The shell game: Brazil’s stock market betting on wild

By Matt Cole in Tokyo Brazil – the city most likely to scare foreigners on a hot summer’s day – is on a trajectory to do just that. The roulette wheel of its economy…

The shell game: Brazil's stock market betting on wild

By Matt Cole in Tokyo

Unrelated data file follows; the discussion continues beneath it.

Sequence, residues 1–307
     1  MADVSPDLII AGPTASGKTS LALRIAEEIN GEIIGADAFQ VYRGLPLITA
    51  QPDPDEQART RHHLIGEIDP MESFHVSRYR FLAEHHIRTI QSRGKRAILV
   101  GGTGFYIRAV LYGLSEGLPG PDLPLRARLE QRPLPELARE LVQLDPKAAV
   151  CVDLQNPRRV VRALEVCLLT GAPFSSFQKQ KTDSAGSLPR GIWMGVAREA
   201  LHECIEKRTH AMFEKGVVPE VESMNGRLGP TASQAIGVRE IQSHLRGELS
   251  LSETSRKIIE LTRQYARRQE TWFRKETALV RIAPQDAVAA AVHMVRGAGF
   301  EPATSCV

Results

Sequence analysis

Brazil – the city most likely to scare foreigners on a hot summer’s day – is on a trajectory to do just that. The roulette wheel of its economy is spinning wildly as if, for the first time in the nation’s history, it is creating a bonanza that will hit – or on many occasions, hit very hard – the bank accounts of the bilionaire investor class who set it alight. First, there were the sharemarket boom years at the end of the 1990s when the government locked up export credits, lapped up export revenue, often by issuing new shares in state-run companies like the giant oil giant Petrobras and banks – and where the banker banks are still jiggling that money around in order to hold themselves out to investors. Now there is the gamble being taken by President Michel Temer, the unlikeliest of populist rising stars on the global political scene. It has almost everyone wondering – can he survive? New highs Before that fateful moment when the banks hold stock and everybody rushes to the stock market, a company forked out 230bn reais (£61.3m/45.3bn euro) for a 17% stake in the bank Santander Brasil. That may not sound like much, but it was a record high share purchase for Brazil. Brazilian companies are usually very prudent in their share purchases, preferring to sit on their cash until they see better conditions in the economy. There have always been plenty of richly-rewarded stockholders in Brazil, many of them asset-backed hedge funds, who, when everything is running well, can even ride them out the worst. But for outsiders, this one has turned pretty scary. Back in September, a reporter from Fairfax Media Group, of Australia, found himself almost bedazzled by the huge amounts of wealth poured into Brazil, as Brazilians fed so much cash into the stock market they had pushed it to new heights. Australian pension funds, spending heavily to raise assets to make them as appealing to ageing people as US and UK ones, may feel good knowing that they are helping to keep a booming country powered – but it does raise the hackles of other nations about the importance of super-wealth. The return of the business elite Brazil has seen the return of the business elite. After the 1990s, when the Brazilian elite simply refused to invest in the economy, they were virtually taken away from Brazil. There is no doubt they are back. Rio Tinto was once a hive of passion and global ambition, and now has such leaders as BHP Billiton’s Japex unit, whose business is to sell steam power to iron ore-mining plants that the mining giant wants to open up. Rio is jockeying for position in the newly growing electric car market. A bigger slice of an economy in search of a broad-based growth strategy has in turn spurred an exuberant gambling frenzy on the stock market, requiring – even by the standards of the South American bourse – a certain rambunctious playfulness. The bubble is old enough that there is a risk of a crash now, and a lot of people are actually worried. Rio Tinto said last week that global miners are all being squeezed by an over-supply of raw materials, a possible signal that this is the last era in which Rio can depend on the prices of iron ore and coal to sustain it. The experience of struggling steelmaker ArcelorMittal tells the same story. Its shares have just begun to recover after a terrible 2016, which left some in Brazil thinking the company was doomed to perish. But if another crisis were to hit, there will be billions to be made in selling an investment bank, which is now the darling of Brazilian investors. Chile’s champions were also among the first to miss out on the bull run, and that reflects better the fact that Brazil is pretty darn open to trade and investment from its neighbours, outside the South American Union. Argentina is exporting up to $4bn a month in poultry to Brazil – which is a lot when you consider that the Argentine economy is suffering from recession and is generating very little in the way of tax revenue to buy back government bonds. Loading This year’s southern hemisphere Fifa World Cup, which Brazil was hosting, had an impact. But you can’t really see it so clearly because there are so many other faces on the screens, different corners of the world – and like many figures, this one was now being pulled and pushed from all around the world.

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